Further experiments found that their enhanced anti-tumor properties were attributable to increased NAD+ mediated histone deacetylase Sirt1 activity. The team showed that pharmacologic or genetic inhibition of either NAD+ or Sirt1 impaired the anti-tumor activity and confirmed that elevated NAD+ levels are required to maintain the anti-tumor activity and in vivo viability of Th1/17 cells.
While these were all important findings, they simply laid the groundwork for what was to be the most important result of their work. Experiments revealed that inhibiting CD38, a NAD+ hydrolase that inversely correlates to NAD+ levels and co-expresses with cell exhaustion marker PD1, led to vastly improved tumor control. In other words, cells with reduced surface expression of NADase CD38 had intrinsically higher NAD+ levels and were much stronger cancer fighters.
The inverse relationship between intrinsic NAD+ levels and TGF-beta-induced CD38 expression may explain how the CD38-NAD+ axis regulates T-cell function in the tumor microenvironment. Results also suggested that, since CD38 and PD1 are tightly co-expressed, CD38 plays a central role in regulating 'metabolic exhaustion' by moderating NAD+ levels in PD1+ exhausted T cells. Most impressively, the team found that blocking CD38 expression resulted in improved tumor control even in unpolarized anti-tumor T-cells. The team treated mice with established melanoma using Th0 cells derived from CD38-KO (knockout) mice. Results showed that these Th0 T cells could efficiently control tumor growth without ex vivo programming. Thus, strategies targeting the CD38-NAD+ axis could increase the efficacy of ACT.
"We've known about NAD+ for almost 100 years, so, for me, the best part was when we realized that this intrinsic factor was responsible for the cells' strength," says Mehrotra. "That we could pick out one molecule, CD38, and produce this robust anti-tumor phenotype just by knocking it down was a big surprise. I actually thought that it wouldn't work-that we wouldn't get robust tumor control with the CD38 knockout cells. But it turns out that its ability to regulate the important cofactor NAD+ is so vital, that just by inhibiting it we could make the T cells work better."
The MUSC team also used similar ex vivo cultivation conditions to those that produced the hybrid Th1/17 cells to program CD8+ T-cells into a Tc1/17 hybrid phenotype, which also showed potent and durable anti-tumor properties. This finding may have immediate translational value since, unlike Th17 cells, Tc1 cells are known to have better anti-tumor activity despite Tc17 cells' ability to persist longer in vivo. "Using the hybrid programming protocol, we can now use both Th and Tc cells together for ACT," explains Mehrotra.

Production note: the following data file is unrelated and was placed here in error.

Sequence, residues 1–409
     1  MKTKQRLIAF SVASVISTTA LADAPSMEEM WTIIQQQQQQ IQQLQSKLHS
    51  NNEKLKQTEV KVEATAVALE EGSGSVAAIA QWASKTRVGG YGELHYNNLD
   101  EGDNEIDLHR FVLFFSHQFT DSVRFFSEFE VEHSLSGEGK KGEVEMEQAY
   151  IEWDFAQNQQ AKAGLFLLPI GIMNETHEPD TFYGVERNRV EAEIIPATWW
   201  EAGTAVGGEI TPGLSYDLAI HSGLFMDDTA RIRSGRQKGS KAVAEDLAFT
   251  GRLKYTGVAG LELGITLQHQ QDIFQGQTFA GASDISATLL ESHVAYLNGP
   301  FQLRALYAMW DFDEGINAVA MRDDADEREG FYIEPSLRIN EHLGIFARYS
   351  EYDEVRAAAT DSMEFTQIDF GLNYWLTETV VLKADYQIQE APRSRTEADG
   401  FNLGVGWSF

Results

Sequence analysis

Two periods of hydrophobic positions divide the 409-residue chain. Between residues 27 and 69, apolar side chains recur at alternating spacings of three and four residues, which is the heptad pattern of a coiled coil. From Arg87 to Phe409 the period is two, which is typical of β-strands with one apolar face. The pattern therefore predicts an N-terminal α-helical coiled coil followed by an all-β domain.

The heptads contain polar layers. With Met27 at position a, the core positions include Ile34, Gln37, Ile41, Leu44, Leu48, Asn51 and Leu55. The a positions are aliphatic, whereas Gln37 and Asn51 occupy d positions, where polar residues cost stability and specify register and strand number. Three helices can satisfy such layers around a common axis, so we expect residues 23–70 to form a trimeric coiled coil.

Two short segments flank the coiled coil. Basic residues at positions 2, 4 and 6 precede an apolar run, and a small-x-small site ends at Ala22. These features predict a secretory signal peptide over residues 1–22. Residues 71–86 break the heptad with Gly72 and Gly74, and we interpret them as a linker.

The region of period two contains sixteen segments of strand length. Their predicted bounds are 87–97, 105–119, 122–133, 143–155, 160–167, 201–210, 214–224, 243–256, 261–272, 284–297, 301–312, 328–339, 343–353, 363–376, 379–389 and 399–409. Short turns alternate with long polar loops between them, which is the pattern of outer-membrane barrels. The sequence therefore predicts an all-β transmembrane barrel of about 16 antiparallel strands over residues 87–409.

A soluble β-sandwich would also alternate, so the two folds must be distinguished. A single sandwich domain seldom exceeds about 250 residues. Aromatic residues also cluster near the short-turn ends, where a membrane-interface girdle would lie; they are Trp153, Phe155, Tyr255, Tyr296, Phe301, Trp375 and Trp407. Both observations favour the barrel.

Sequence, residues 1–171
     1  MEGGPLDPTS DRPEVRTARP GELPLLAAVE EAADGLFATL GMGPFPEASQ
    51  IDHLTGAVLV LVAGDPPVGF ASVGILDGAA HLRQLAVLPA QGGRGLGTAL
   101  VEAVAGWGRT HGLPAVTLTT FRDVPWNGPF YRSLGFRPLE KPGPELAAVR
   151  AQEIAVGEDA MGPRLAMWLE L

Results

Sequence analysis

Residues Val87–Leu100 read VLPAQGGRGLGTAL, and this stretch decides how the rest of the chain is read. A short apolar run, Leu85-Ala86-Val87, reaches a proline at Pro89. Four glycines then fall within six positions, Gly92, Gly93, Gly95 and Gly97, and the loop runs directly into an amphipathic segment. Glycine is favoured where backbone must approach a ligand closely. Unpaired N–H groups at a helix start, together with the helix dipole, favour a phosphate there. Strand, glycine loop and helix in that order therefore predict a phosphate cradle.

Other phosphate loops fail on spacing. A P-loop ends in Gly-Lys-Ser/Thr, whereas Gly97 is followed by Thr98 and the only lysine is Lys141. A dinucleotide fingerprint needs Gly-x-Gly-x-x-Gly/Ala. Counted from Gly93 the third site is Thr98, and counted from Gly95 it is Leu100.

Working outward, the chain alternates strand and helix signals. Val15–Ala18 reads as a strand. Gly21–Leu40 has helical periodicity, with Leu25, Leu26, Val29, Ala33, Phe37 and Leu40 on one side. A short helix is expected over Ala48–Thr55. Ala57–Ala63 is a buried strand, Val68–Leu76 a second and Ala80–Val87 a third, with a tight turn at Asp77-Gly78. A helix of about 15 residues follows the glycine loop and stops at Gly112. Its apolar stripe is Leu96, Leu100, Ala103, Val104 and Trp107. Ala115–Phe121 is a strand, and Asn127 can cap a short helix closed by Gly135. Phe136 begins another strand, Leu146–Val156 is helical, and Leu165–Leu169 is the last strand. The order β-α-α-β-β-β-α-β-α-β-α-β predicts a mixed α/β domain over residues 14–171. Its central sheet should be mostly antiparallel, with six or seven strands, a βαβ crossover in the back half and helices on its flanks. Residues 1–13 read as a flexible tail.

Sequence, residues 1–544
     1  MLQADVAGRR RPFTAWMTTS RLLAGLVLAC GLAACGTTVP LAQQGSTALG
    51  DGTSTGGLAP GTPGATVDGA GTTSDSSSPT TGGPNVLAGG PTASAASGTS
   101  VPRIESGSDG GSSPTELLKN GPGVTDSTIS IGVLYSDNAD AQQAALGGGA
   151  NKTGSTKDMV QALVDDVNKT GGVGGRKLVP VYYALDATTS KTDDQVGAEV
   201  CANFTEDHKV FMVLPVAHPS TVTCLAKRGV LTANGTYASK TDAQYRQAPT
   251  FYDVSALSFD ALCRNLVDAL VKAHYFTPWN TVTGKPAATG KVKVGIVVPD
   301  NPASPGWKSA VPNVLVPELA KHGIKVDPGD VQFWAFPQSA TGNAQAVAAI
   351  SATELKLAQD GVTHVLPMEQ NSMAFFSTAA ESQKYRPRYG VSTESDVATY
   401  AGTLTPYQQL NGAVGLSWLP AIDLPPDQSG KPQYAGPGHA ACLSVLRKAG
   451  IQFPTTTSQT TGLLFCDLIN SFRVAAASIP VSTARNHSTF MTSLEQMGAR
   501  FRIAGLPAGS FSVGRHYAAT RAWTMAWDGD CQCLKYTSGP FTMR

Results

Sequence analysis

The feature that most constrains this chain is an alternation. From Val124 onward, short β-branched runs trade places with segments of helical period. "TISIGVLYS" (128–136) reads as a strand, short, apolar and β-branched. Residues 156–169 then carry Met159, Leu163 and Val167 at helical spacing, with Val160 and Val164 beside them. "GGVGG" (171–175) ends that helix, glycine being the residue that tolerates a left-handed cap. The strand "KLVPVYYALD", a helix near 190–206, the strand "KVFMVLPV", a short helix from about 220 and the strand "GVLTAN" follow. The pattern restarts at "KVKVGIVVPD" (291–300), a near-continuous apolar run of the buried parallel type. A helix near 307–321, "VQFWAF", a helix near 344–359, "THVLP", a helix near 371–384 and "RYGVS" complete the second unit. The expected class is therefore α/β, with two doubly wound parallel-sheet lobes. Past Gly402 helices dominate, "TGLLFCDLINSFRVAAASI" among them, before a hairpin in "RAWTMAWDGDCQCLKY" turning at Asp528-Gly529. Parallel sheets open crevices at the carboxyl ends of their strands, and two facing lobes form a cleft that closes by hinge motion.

Overall, the team's experiments suggest that increasing NAD+ may be the key to improving the functionality of any T cell subset, and ex vivo programming to a hybrid phenotype with high NAD+ equates to the intrinsic NAD+ levels achieved by CD38 down-regulation. Better tumor response due to CD38 inhibition that concomitantly increases intracellular NAD+ in T cells (or other immune cells) could contribute to broader use of ACT.
Dr. Shikhar Mehrotra and Dr. Shilpak Chatterjee are inventors on a provisional patent application covering CD38-mediated metabolic axis in anti-tumor T cell immunotherapy owned by the MUSC Foundation for Research Development.
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About MUSC Hollings Cancer Center
The Hollings Cancer Center at the Medical University of South Carolina is a National Cancer Institute-designated cancer center and the largest academic-based cancer research program in South Carolina. The cancer center comprises more than 120 faculty cancer scientists with an annual research funding portfolio of $44 million and a dedication to reducing the cancer burden in South Carolina. Hollings offers state-of-the-art diagnostic capabilities, therapies and surgical techniques within multidisciplinary clinics that include surgeons, medical oncologists, radiation therapists, radiologists, pathologists, psychologists and other specialists equipped for the full range of cancer care, including more than 200 clinical trials. For more information, visit http://www.hollingscancercenter.org